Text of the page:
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FIELD OF THE INVENTION The present invention relates to directional microphones and acoustic
sensors. (Prior Art) Acoustic transducers having directional characteristics are used in many
fields. In particular, unidirectional microphones are used, which have a very large directivity
factor for their size. Many of these microphones are of the first-order gradient type, and have
directivity characteristics represented by (a 10 cos θ) depending on the detailed configuration.
Here, a is a constant (0 ≦ a ≦ 1) and θ is an angle with respect to a symmetrical rotation axis. A
directivity factor of up to 4 is obtained with this system. This directivity is improved by using a
second-order gradient microphone. This microphone has a ll directivity pattern representing (a +
c o sθ) (b + cO 3 θ) (where lal ≦, l b l ≦ 1), and a maximum directivity factor of 9 can be
obtained. The use of such second-order gradient microphones is hampered by more complex
designs, resulting in poorer signal-to-noise ratio as compared to first-order gradient designs. A
recent version of the secondary gradient microphone is disclosed in US Pat. No. 4,742,548.
Although the present disclosure is advanced as compared to the prior art, the arrangement and
sensitivity of the primary directional element employed therein are generally demanding,
especially such microphones. The requirements are severe if multiple secondary gradient
microphones are matched and used in an array of Therefore, a simple device for constructing a
secondary gradient microphone is desired. SUMMARY OF THE INVENTION According to the
present invention, a solution to the problem of a better unidirectional microphone and sensor is
to simulate the presence of a second (paired) directional sensor element, such as a directional
microphone or the like. Using a planar reflective element in the vicinity of the sensor element of
The apparatus of the present invention forms a second-order gradient microphone having
various patterns (e.g., unidirectionality characteristics, toroidal directional characteristics).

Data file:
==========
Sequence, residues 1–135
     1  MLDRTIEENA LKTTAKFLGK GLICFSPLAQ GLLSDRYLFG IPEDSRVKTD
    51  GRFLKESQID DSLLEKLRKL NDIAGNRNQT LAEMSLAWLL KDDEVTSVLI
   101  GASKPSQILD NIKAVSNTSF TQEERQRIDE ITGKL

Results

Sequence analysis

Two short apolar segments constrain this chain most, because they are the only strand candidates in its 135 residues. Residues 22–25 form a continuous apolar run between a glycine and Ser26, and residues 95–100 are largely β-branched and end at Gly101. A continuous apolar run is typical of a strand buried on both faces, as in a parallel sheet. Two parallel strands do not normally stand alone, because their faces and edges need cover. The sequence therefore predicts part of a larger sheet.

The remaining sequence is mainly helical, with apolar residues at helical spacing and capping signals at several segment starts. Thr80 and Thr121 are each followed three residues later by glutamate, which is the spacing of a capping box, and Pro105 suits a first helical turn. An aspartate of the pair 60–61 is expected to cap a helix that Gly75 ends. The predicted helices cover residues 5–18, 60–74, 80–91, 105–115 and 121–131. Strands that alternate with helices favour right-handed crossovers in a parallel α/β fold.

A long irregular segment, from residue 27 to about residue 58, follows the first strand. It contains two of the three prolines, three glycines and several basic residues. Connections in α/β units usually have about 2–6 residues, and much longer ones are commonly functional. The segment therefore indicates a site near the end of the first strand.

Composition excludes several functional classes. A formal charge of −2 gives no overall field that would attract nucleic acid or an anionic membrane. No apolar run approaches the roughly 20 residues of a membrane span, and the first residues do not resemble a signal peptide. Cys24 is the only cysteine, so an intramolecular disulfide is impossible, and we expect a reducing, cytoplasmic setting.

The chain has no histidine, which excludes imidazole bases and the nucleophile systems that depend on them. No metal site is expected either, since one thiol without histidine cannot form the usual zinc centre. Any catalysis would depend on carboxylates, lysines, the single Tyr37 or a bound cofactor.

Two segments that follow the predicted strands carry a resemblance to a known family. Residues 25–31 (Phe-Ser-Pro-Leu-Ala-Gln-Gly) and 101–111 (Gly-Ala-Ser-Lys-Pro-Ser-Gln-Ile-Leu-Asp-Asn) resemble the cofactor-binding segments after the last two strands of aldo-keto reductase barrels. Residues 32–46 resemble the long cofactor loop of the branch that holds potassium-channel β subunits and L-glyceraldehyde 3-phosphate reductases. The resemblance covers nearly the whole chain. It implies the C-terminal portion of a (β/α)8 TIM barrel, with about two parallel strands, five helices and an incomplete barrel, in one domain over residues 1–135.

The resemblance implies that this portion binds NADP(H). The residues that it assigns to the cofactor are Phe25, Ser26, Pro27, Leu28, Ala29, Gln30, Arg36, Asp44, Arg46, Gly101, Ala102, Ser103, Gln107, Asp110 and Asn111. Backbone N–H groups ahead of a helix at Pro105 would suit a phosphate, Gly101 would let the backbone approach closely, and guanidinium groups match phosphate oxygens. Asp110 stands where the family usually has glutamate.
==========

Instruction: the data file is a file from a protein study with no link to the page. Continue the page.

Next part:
According to a first feature of the invention, the width of the reflective element and the position
of the sensor relative to its surface are such as to exclude destructive interference from other
reflective surfaces. According to a second feature of the invention, the first-order bi-directional
microphone and the other sensor elements are arranged apart from the acoustically reflecting
wall to improve the directional response of the device and to reflect the echo and noise in the
room It is something to suppress the influence. According to a third aspect of the invention, a
virtual-image-guided directional microphone is provided with a hands-free telephone problem
(eg, multiple path distortions (from room echoes), gain-switched voice multipaths, etc. Etc.) to be
The directivity characteristic of this array is the product of the gradient characteristic and the
linear array characteristic. A fourth aspect of the invention relates to the formation of a virtual
image induced directional acoustic sensor to form a unique directional pattern (e.g. a toroidal
pattern) and also to omnidirectionally modify the directional pattern. The present invention
relates to the combination with the acoustic sensor. DESCRIPTION OF THE PREFERRED
EMBODIMENTS General Description In the prior art, first-order gradient layer bi-directional
sensors (FOGs) are placed within a small distance from each other, with inherent phase and delay
added, second-order gradient (SOG) 1.) A unidirectional microphone is formed (see the abovementioned patent), which allows a frequency-independent directional response and a compact
and relatively simple design. These systems are of the free hanging type or of the type arranged
on a table. Also, they have toroidal pole characteristics or unilateral outer pole characteristics.
The pole characteristics of this microphone rely on tight matching of both amplitude and phase
between sensors over the frequency range of interest. Also by contrast, the device according to
the invention forms 5OGs of toroidal or other characteristics in the acoustically reflecting wall or
in the microphone or sensor unit which is arranged directly on the large acoustically reflecting
surface arranged at or near the wall It is easy to do. All the features of the conventional
secondary system are incorporated into the new system, and further, an improvement in the
signal to noise ratio (more than 3 dB for these new sensors) can be seen. The device of the
present invention requires only one sensor to achieve the second order gradient and other
directivity characteristics. And that image matches perfectly to the true sensor in both frequency
and phase. Although the limitations of the effects of omnidirectional or unidirectional sensors
placed near the reflective surface have been described in the literature (US Pat. No. 4,658,425),
the configuration and effects of the invention with respect to first order gradient sensors in
relation to reflectors Is not listed. EXAMPLE In FIG. 1, a directional microphone device 11 is
shown, which has a single commercially available linear gradient (FOG) sensor 13 (Vanasonic
WM-55 D103 type), which has a baffle It is fixed to a central opening 14 of 12 (3 cm diameter x
2, 5 mm thickness). The sensor 13 and the baffle 12 need to be sealed. The sensor 13 and the
baffle 12 are separated from the acoustic reflection surface 15 by a predetermined distance. The